|Jun 21||Ariel Hsing: Table Manners|
Ariel Hsing, seen here competing at the 2011 Pan American Games, will look to qualify for Team USA in table tennis at the 2012 London Games.
For Michael Hsing, it was ice cream.
If his daughter, table tennis phenom Ariel Hsing, had to give up her favorite foods and free time with her friends in her quest to make the 2012 U.S. Olympic Team, a little shared sacrifice from dad couldn’t be so hard.
“The thing about my dad and ice cream,” Ariel Hsing began, setting the tone for the serious admission, “is that my dad has never gone three days without ice cream.”
Yet for the six months leading up to the Olympic qualification tournament in April, when Ariel punched her ticket to London, Michael indeed stayed away from the trademark vanilla that has been his primary dairy source since he was a boy.
“So as soon as I made the team, finally, that day I said, ‘You can finally have some ice cream,’ ” recalled Ariel, who also treated herself to a Nutella cookie.
The Nutella, however, was a rare respite for the 16-year-old from San Jose, Calif. In her quest to first make the Olympic Team and next to win the United States’ first Olympic medal in the sport, the high school-senior-to-be has given up “everything I like to eat.”
Anything fried? Gone.
Chocolate lava cake with vanilla ice cream? Gone.
Nutella? That one hurts the most.
“The joys of Nutella, there’s too many to count!” groaned Hsing, who calls herself more of a bread-with-Nutella girl than a Nutella-with-bread girl. “They say Nutella can be good for you,” she added, “but not if you can finish an entire jar in two days.”
So Hsing, reluctantly, gave up the chocolaty hazelnut spread and most of her other favorite foods. In their place are healthier foods, such as salads, which she began eating at age 13.
“Before that I ate zero vegetables at all,” she said.
That the 16-year-old food lover was willing to give up fried food and sweets at an age when many peers survive on them only speaks to Hsing’s dedication to her ultimate passion: table tennis.
Hsing is a rising star in the sport, and also a leader in a new generation of U.S. table tennis. Of the three women who qualified for the 2012 U.S. Olympic team, Hsing is the oldest — Lily Zhang and Erica Wu were both 15 — and including men’s Olympic nominee Timothy Wang, 20, all four are American-born. That is a change from previous years, when U.S. Olympians were often expats who were born, raised, trained and sometimes competed for other countries first.
Although none of the quad will be favorites in London — Hsing is the highest ranked among them at No. 137 as of June 1 — the future is looking bright for the sport; of those under 18, Hsing is ranked No. 14.
Hsing has already made quite a name for herself at home.
After all, how many people can casually refer to their friends “Uncle Warren” and “Uncle Bill” and mean Warren Buffett and Bill Gates?
Hsing can — and does.
The unlikely friendship began when the then-9-year-old Hsing was invited to play table tennis buff and billionaire Buffett, along with Microsoft founder and fellow billionaire Gates, at Buffett’s 75th birthday party in San Francisco. Later, on the drive home, Hsing asked her parents why the two rich men weren’t there. She hadn’t realized that Uncle Warren and Uncle Bill were actually those billionaires.
“Because they were so down to earth and so humble and nice,” said Hsing, who has since played the world’s No. 2 and 3 richest men again at Buffett’s Berkshire Hathaway annual meeting. “You can’t tell at all.”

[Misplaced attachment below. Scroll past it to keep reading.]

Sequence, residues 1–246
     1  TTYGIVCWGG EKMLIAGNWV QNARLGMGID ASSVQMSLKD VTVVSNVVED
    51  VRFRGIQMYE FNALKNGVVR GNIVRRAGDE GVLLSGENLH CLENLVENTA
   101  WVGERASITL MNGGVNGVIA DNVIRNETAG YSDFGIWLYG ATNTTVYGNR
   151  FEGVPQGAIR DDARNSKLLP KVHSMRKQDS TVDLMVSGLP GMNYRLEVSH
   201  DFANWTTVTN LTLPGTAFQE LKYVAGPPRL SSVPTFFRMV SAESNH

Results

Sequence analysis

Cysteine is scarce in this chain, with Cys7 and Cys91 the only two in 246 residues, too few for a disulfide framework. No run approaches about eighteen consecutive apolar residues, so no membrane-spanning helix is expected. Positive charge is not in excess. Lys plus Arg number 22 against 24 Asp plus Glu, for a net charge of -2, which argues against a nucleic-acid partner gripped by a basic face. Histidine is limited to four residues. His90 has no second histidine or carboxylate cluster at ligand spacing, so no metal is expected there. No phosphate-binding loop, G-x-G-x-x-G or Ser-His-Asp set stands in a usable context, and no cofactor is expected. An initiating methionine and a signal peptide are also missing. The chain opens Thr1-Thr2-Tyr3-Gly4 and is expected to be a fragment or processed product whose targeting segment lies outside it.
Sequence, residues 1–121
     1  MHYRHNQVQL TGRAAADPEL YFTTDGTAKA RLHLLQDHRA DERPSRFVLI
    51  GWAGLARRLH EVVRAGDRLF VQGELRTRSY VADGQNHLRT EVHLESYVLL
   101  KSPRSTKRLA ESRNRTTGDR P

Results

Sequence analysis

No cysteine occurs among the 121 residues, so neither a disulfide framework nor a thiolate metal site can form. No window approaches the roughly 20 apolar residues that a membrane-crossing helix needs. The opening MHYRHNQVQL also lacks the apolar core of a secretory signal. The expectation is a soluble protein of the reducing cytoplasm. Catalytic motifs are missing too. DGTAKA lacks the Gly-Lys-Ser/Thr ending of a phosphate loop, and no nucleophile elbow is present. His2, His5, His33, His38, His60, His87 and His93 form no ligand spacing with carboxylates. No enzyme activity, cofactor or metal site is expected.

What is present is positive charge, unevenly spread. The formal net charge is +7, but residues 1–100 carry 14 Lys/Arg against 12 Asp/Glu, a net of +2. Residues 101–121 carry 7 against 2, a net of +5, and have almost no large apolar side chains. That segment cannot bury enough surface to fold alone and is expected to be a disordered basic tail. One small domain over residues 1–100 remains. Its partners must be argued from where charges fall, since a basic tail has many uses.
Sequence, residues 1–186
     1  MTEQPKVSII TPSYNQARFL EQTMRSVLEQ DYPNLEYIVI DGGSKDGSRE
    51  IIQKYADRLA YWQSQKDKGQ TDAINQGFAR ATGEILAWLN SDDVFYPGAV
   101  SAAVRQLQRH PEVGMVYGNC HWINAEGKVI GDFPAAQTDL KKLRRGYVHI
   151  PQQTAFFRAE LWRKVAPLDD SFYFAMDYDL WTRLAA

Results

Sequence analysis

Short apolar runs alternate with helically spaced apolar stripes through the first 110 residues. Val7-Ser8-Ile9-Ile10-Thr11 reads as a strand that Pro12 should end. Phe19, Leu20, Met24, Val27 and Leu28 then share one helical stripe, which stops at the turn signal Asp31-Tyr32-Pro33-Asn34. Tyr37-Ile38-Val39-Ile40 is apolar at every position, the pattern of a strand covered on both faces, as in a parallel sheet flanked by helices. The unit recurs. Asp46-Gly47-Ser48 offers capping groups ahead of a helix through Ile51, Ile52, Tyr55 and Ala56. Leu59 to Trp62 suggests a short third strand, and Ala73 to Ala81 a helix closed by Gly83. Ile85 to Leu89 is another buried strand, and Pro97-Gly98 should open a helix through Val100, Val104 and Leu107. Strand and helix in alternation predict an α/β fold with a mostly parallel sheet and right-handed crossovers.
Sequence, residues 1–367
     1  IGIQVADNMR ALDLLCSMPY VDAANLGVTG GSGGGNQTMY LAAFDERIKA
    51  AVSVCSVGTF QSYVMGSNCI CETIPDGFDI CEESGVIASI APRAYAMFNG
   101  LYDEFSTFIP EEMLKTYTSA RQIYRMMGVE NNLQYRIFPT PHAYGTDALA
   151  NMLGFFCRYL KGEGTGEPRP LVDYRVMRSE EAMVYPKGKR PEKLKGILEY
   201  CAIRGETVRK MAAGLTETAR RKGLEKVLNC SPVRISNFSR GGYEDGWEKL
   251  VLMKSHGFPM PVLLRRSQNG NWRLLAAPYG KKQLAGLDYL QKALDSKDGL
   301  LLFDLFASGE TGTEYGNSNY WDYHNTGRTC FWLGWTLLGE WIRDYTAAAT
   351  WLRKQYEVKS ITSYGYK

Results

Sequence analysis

Table tennis tournaments and training camps have taken Hsing all around the world, but the bubbly teenager has tried not to let the sport define her. When she recently switched to Valley Christian High School in San Jose, Hsing initially kept her elite table tennis career to herself. It was only when a film crew showed up to follow Hsing around that her friends finally figured out why she was traveling so often.
So why hide it? Was she embarrassed by her success in a sport most Americans know only from basements and garages.
“I definitely was not embarrassed,” she said. “I’m not going to be embarrassed about something I love doing and I’m passionate about. It was really just, I didn’t want people to think that ‘Oh, I’m like this,’ but I just wanted to keep a low key. I didn’t really feel the urge to tell anyone. There was no reason, in my opinion.”
Nobody is forgetting who she is now. The school even held a pep rally for Hsing after she qualified for the Olympic Games. The winners of a lunchtime table tennis tournament got to play her during the rally.
“When I made the Olympic team all my friends were super excited; my teachers were so happy for me,” she said. “It was just a lot of congratulations and support.”
Although elite table tennis understandably takes up a lot of Hsing’s time — she trains two or three times each day, often at two different Bay Area clubs — she has been able to maintain some normalcy. School, where Hsing takes various honors and advanced placement courses, is still her top priority, and this spring she was able to attend the junior prom.
For now, she just can’t have Nutella.
“There’s a lot more sacrifices then that of course, and that’s just a minor one,” Hsing said of her Nutella. “I think mostly what I’ve sacrificed is free time, hanging out with friends; I don’t really get to do that a lot. I don’t really get time to watch TV or anything like that.
“I definitely think it’s worth it though, because of the opportunities it’s given me. I just feel really, really blessed.”Story courtesy Red Line Editorial, Inc. Chrös McDougall is a freelance contributor for TeamUSA.org. This story was not subject to the approval of any National Governing Bodies.